Vladivostok / Kemerovo / St. Petersburg
ART FOR PEOPLE
by Pavel Shugurov
33+1 is an organization which unites public artists in three Russian cities: Vladivostok (Russian Far-East near China and Japan), Kemerovo (in the middle of Siberia) and St. Petersburg (in Europe). Artists of 33+1 prefer to create projects for hometowns, because it is an effective way to do something very intimate, substantive, and impressive. But if we create something in unknown space, we can at first find information about the history and mythology of this place in books and on the internet; and most importantly with immediate contact with local inhabitants. After we see into our chosen environment close up, we try to understand the ideas of the architectural engineer and other regularities of space. Inspired by this the members of 33+1 originate their concepts. During an open discussion between artists, a collective decision of the best sketch will be determined, and an elective draft will be developed in detail afterwards. In a few projects we tried to discuss concepts with local people and officials, but this “democratic” approach proved unsuccessful. Because non-professionals could not understand a true and quality design in the future in a mini scope, and affectedly appraise the concept without accent in art experimentation, innovation - the main motion power of art.
The main ideas of each public art project by the art-community 33+1 are representations of respect for the people who will be living near this piece. This respect is expressed by a subject of work (with attention to history and mythology of the local community), by styles of pictures and by professional interaction with specific architectural environments. We don’t "flirt" with the audience; we pose actual questions for all stratums of this community and do it frankly and politely. Our basic concern is to instigate and to sensitize unknown people to communication, because communication is the essence of social unity. Therefore we don’t keep to one and only one method of realizing projects. A unique method is created for each specific case.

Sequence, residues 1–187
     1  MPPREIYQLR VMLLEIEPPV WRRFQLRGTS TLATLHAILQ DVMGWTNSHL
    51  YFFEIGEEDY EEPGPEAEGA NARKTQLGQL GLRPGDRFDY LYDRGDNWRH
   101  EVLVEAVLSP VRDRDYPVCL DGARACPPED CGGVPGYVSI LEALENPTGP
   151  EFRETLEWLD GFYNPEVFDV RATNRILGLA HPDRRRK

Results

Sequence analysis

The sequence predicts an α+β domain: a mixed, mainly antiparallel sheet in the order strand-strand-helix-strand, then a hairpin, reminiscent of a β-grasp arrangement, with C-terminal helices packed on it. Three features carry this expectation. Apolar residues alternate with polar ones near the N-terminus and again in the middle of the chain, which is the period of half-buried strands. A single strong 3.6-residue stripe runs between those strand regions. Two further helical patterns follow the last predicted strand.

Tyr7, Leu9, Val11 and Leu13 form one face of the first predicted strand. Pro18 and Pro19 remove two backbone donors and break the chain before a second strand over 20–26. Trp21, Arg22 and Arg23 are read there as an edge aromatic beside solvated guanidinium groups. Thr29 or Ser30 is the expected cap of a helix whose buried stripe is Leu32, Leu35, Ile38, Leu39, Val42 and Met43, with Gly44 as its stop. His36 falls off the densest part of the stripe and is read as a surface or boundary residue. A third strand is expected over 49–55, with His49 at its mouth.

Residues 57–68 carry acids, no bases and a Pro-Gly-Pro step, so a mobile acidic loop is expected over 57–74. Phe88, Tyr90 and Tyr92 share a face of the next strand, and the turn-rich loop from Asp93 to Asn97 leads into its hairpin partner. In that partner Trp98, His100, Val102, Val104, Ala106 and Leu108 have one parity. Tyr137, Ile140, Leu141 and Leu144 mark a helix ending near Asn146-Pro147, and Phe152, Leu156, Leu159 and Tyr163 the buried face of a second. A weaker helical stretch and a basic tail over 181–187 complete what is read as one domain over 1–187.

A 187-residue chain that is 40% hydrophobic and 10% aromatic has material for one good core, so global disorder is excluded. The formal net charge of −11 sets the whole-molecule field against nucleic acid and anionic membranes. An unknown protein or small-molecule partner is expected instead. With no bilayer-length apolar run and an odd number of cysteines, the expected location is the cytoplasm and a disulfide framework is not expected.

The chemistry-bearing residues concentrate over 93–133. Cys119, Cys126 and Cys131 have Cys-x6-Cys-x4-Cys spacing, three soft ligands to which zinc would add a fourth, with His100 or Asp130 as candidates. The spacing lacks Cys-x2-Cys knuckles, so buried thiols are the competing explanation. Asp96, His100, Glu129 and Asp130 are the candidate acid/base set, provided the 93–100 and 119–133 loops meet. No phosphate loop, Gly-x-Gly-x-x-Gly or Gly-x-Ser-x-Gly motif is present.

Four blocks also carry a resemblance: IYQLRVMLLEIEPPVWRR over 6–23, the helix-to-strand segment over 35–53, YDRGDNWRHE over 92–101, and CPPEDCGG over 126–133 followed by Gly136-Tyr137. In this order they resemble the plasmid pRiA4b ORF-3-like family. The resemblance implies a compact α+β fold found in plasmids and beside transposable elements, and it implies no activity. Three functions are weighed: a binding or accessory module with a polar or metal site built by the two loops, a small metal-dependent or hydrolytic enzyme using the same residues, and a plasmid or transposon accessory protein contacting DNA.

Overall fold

Some curators think that the best way to respect the local community would be to present a masterpiece of a well-known artist. They believe that this piece will be a mark of pride and public value certainly. However, in our opinion, costly standardized artwork, which essence is a validation of author, looks more like disrespect and, in some cases, like scorn.
A “public space” is an environment of human communication. Who owns it? 33+1 hopes and works toward the goal that people do! But who are the owners of public art? In an infant state, a new piece of public art (and responsibility about it) owns its authors: artists, workers and other contributors. When a community completes the treatment to this piece, they will “love” it, will “become relatives” with it, and the concerns over ownership will come down to the responsibility of official representatives of the society. However, nobody can predict the period in which this happens. Therefore a monitoring of public opinion (through the internet, mass-media and gossips) are also parts of our work. We pay great attention to it, and when practical, will have a portion of our budget dedicated to it.
The public reaction is the main evaluation criterion of our art. We are dissatisfied if all comments to our piece are bad and similarly we are dissatisfied if all comments are good. Polar reactions from different groups of society are the base for dialogue and are the best appraisal for us. The worst response would be a project with no reaction; it would be a total failure! But it hasn't happened with 33+1 thankfully!
We don’t see discrepancies between the interests of the artists and interests of the public. The information about the local community is equally important as the architectural properties of a place, specific characters of light, dynamics of perception, and choice of materials for piece of art. The skill of making a graceful “authorial mix” in predetermined conditions is the essence of public art. So in the streets we have other selection standards for masterworks than in galleries and museums.
What is free and not free in public art action? If it isn’t forbidden, do it… and a little bit more because we are artists… we are the motor of society and its rules.
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